The Universe’s Oldest Supernovae Burn Bright & Blue

The color of supernovae during a specific phase could help researchers detect the most distant and oldest supernovae in the Universe.

AsianScientist (Jul. 19, 2016) – Observing the color of supernovae during a specific phase may help researchers detect the most distant and oldest supernovae in the Universe, according to a study that has been published in The Astrophysical Journal.

For a hundred million years after the Big Bang, the Universe was dark and filled with hydrogen and helium. Then, the first stars appeared, and heavier elements were created by thermonuclear fusion reactions within stars. These metals were spread around the galaxies by supernova explosions.

Studying first-generation supernovae provides a glimpse into what the Universe looked like when the first stars, galaxies, and supermassive black holes formed, but to date it has been difficult to distinguish a first-generation supernova from an ordinary supernova.

Led by Dr. Alexey Tolstov from the Kavli Institute for the Physics and Mathematics of the Universe in Japan, the researchers identified characteristic changes between these supernovae types after experimenting with supernovae models. Based on metal-poor stars, or stars with virtually no metals, these models make good candidates because they preserve their chemical abundance at the time of their formation.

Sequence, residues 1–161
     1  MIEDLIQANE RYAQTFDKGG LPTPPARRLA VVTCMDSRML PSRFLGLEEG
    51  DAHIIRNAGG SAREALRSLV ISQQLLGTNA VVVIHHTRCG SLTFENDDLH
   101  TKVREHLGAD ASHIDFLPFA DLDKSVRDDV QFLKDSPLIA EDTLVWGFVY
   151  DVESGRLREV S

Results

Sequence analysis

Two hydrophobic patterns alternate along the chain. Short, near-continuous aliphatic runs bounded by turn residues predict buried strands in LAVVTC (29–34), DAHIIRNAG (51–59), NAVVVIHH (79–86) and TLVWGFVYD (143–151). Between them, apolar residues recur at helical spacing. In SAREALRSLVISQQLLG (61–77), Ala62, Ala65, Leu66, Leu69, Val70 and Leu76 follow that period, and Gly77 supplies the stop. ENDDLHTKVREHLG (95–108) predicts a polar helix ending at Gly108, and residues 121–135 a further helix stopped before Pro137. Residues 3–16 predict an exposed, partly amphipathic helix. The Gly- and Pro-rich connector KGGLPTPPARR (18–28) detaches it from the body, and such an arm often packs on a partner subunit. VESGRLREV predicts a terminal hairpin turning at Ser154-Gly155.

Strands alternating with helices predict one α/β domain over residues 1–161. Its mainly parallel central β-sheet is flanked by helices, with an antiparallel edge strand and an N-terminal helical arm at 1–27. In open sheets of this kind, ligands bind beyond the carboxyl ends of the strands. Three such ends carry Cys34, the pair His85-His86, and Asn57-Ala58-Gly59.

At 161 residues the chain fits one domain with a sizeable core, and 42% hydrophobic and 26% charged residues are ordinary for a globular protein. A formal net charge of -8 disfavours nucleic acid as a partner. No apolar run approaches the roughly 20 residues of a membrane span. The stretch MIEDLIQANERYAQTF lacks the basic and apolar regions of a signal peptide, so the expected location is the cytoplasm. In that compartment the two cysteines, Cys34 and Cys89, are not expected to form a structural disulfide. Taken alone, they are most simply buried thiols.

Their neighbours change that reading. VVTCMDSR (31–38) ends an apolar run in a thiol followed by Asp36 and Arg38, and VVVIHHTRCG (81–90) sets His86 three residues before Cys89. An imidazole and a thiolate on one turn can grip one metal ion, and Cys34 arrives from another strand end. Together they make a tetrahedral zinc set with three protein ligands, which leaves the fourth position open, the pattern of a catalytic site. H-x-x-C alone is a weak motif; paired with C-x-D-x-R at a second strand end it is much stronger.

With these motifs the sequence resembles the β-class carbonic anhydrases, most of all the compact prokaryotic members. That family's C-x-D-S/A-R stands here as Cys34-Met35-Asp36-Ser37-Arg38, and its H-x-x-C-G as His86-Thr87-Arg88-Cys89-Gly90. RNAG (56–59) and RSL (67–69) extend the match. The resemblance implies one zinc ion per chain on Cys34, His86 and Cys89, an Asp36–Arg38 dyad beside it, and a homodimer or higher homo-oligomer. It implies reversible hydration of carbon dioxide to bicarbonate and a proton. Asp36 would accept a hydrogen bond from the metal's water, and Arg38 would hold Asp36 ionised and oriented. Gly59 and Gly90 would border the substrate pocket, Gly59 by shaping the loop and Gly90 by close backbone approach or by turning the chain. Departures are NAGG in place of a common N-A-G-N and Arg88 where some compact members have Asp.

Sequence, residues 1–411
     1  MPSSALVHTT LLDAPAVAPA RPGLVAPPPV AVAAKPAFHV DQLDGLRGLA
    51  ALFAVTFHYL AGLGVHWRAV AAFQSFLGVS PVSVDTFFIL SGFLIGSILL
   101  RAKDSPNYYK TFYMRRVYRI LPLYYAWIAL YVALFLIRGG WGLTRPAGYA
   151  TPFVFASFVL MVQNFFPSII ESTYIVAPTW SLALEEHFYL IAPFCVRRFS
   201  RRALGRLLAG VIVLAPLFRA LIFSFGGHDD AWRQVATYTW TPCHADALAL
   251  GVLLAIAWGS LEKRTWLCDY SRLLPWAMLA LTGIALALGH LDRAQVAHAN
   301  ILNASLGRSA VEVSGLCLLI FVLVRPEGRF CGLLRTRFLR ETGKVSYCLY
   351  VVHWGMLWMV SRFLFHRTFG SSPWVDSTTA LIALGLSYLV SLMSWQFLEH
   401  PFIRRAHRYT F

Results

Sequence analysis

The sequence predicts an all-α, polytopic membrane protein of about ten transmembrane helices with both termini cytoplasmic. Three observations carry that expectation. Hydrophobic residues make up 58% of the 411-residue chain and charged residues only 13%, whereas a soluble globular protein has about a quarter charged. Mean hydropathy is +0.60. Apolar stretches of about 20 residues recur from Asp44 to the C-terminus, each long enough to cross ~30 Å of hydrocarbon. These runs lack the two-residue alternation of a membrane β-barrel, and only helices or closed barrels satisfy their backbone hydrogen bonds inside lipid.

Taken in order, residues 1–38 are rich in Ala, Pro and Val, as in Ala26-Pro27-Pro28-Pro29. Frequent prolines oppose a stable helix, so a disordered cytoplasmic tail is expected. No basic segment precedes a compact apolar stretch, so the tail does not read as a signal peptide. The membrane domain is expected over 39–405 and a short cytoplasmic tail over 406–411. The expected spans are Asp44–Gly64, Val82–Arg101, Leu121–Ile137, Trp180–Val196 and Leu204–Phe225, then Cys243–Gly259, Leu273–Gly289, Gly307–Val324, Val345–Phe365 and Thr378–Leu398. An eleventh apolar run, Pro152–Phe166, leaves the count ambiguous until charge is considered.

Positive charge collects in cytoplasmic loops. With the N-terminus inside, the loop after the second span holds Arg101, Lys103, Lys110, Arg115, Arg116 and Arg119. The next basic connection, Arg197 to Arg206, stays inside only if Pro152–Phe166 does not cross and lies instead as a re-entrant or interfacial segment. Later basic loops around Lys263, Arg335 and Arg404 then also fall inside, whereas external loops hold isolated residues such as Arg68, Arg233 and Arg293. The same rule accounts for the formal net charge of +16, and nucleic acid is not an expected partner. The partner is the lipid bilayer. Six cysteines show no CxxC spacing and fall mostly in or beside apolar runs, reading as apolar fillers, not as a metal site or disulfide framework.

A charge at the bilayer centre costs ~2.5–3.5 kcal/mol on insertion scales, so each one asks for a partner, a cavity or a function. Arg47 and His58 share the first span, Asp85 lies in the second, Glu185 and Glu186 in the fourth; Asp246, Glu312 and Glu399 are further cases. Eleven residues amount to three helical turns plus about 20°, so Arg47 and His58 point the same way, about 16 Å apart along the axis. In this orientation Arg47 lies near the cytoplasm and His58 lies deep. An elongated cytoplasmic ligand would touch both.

Similar to all supernovae, the luminosity of metal-poor supernovae show a characteristic rise to a peak brightness followed by a decline. The phenomenon starts when a star explodes with a bright flash, caused by a shock wave emerging from the surface of the progenitor stars after the core collapse phase. This shock breakout is followed by a long ‘plateau’ phase of almost constant luminosity, lasting several months, before a slow exponential decay.

The team calculated the light curves of metal-poor supernova produced by blue supergiant stars and metal-rich supernova produced by red supergiant stars. Both the shock breakout and ‘plateau’ phases are shorter, ‘bluer,’ and fainter for metal-poor supernovae in comparison with metal-rich supernovae. The team concluded that the color blue could be used as an indicator of a metal-poor, first-generation star.

“The explosions of the first generation of stars have a great impact on subsequent star and galaxy formation. But first, we need a better understanding of how these explosions look like to discover this phenomenon in the near future,” said Tolstov.

“The most difficult thing here is the construction of reliable models based on our current studies and observations. Finding the photometric characteristics of metal-poor supernovae, I am very happy to make one more step to our understanding of the early Universe.”

The article can be found at: Tolstove et al. (2016) Multicolor Light Curve Simulations of Population III Core-Collapse Supernovae: From Shock Breakout to 56Co Decay.

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